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Mexico Fines Ticketmaster After Bad Bunny Concert Chaos

Following the fact that thousands of fans were unable to attend the recent main event by Bad Bunny at the Azteca Stadium, which has a capacity of 87,000, the Mexican government intends to punish Ticketmaster.

The concert took place earlier this month (on December 9) and was intended to be sold out; however, security denied admission to thousands of people after informing them that their tickets were obviously bogus, duplicated, or revoked by Ticketmaster. The concert was originally scheduled to be sold out.

Ticketmaster published a statement when footage from the event began to spread on social networks, blaming “an unprecedented high number of bogus tickets” for the catastrophe and promising to restore the money to the affected customers. Ticketmaster also pledged to return the money to the fans.

Now, PROFECO, the government organisation in Mexico that is responsible for the protection of consumers, has confirmed that it will impose a charge on Ticketmaster in connection with the event. The amount of the fine may be up to ten percent of Ticketmaster Mexico’s income in 2021. Riccardo Sheffield, who is in charge of the agency, speculated that the amount of the fine could reach into the millions of pesos.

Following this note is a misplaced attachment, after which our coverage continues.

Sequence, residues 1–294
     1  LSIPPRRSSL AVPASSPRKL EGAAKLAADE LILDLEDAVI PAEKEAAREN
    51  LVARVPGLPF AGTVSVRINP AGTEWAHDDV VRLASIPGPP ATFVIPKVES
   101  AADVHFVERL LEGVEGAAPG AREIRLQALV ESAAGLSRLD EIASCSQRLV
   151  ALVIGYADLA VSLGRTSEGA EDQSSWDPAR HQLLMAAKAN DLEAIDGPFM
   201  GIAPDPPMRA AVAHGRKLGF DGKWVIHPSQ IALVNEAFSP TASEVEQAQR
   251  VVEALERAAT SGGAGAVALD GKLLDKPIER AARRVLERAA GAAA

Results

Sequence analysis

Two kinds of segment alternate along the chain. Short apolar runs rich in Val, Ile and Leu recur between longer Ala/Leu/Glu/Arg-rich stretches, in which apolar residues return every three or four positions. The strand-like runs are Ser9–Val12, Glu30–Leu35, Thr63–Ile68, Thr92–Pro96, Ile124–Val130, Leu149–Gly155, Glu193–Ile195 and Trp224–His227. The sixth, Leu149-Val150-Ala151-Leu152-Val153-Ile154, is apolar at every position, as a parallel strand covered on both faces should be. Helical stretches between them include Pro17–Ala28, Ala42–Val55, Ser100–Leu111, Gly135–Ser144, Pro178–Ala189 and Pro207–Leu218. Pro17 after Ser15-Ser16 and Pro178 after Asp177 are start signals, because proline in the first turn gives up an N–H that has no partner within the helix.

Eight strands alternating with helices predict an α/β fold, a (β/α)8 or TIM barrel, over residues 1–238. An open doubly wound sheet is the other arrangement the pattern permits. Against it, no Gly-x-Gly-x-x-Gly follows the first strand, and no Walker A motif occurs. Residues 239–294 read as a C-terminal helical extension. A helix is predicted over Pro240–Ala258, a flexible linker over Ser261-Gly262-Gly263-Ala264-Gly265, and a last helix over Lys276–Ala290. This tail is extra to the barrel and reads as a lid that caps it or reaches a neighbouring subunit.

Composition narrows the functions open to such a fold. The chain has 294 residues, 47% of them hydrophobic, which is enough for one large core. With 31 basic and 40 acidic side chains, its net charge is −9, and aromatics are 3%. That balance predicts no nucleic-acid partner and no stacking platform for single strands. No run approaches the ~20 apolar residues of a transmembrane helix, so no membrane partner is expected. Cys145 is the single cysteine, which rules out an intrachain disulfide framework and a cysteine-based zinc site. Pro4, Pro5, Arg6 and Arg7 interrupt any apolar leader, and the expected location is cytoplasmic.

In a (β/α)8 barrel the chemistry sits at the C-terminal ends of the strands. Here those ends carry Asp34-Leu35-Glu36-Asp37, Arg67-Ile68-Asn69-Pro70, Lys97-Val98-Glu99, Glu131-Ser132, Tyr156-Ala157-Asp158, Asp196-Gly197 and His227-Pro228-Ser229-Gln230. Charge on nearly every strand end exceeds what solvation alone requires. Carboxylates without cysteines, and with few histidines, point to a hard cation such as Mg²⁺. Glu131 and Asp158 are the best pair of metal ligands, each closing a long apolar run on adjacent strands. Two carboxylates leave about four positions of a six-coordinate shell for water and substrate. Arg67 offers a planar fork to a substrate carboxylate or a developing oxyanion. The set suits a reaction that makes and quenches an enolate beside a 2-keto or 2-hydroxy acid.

Already, at least 1,600 incidents of identical tickets have been certified by PROFECO, and the company will be penalised by Ticketmaster for “over-selling” the concert tickets. In addition to this, they stated that the ticketing giant should be held “solely responsible” for the confusion.

Despite the fact that it is participating with the investigation, Ticketmaster has stated that the charges are false.

Following the event, Mexican President Andres Manuel Lopez Obrador issued a challenge to Bad Bunny, asking him to deliver a free concert in the city’s Zocalo Square. He also stated that the Mexican government would cover a portion of the production costs associated with the show.

This is because Ticketmaster experienced issues in North America as a result of the terrible ticket sales for Taylor Swift’s “Eras” tour. As a result, this situation has arisen. The general sale was called off because there was “very high demand” and “insufficient number of tickets remaining.”

More than a dozen customers have filed a class action lawsuit against Ticketmaster, claiming that the firm has violated the California Cartwright Act as well as the California Unfair Competition Act. In addition, some senators in the United States have called for legal action to be taken.

Since then, it has been established that Ticketmaster possesses 170,000 tickets for Taylor Swift’s show that have not been purchased, and these tickets will be distributed over the course of the following few weeks.

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